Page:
Amazing, amazing book. This is one of those books that once you read it the ideas and concepts can't escape your mind. You will be continuously asking yourself from what perspective your job, organization, church, etc. operates? Is it a centralized organization? It is a decentralized network? Or is a hybrid?
Why is this question important? Because according to the authors innovative technology has shifted the way that organizations and companies do business and operate in the world. The authors lay out a pretty good case study for the power of a decentralized network, and lean upon examples such as Wikipedia, eBay, Skype, Amazon, craigslist, etc. According to the authors more and more organizations are being driven by the users, and user content and participation is crucial. Without this participation from people, a network does not usually thrive, and centralized organizations on the other hand have little room for user control and participation. The key words in this new movement are collaboration, and it's not so new as you will read about important examples of these decentralized networks in groups such as the Apache Indians.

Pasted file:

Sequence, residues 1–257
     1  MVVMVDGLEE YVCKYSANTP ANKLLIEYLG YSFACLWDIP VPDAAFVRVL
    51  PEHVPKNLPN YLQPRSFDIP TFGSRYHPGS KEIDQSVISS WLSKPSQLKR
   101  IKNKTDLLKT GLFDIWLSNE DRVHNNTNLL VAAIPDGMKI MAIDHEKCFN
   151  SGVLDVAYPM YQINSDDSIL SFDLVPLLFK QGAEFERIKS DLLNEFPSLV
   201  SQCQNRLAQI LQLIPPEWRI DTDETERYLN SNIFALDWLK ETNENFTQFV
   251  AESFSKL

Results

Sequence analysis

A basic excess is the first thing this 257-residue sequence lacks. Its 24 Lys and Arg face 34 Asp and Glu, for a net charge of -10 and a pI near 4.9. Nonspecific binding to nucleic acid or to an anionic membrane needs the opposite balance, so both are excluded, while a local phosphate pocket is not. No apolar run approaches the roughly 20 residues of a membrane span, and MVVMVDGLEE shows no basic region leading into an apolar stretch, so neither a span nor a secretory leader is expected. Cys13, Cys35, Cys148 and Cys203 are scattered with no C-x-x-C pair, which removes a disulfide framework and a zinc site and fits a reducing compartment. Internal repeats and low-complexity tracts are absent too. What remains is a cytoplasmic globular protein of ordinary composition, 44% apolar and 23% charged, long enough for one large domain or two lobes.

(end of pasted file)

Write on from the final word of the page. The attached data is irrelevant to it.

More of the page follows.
One of the more interesting charts in the books is the difference between a centralized organization that usually functions as a top-down hierarchy, and a decentralized network that functions with a flattened hierarchy.
- The Boss
- In the Spotlight
- A Peer
- Emotionally Intelligent
- Behind the Scenes
Many may read this chart, or read this book and not quite grasp what is going on. But if you have any experience in social network sites (i.e. Facebook, MySpace, Flickr, YouTube, etc) then you know the importance of user participation, and just how decentralized these networks are. I think this book is a must read for anyone in ministry, and it's obvious after reading it why so many church planters and those involved in the missional church movement are turning to this book.
In the digital world, decentralization will continue to change the face of industry and society. Fighting these forces of change is at best futile and at worst counterproductive. But these same forces can be harnessed for immense power: just ask the music-swappers, the Skype callers, the eBay merchants, the Wikipedia contributors, the craiglist community members, the recovering addicts, or anyone who's ever used the Internet.
Yes, decentralized organizations appear at first glance to be messy and chaotic. But when we begin to appreciate their full potential, what initially looked like entropy turns out to be one of the most poweful forces the world has seen.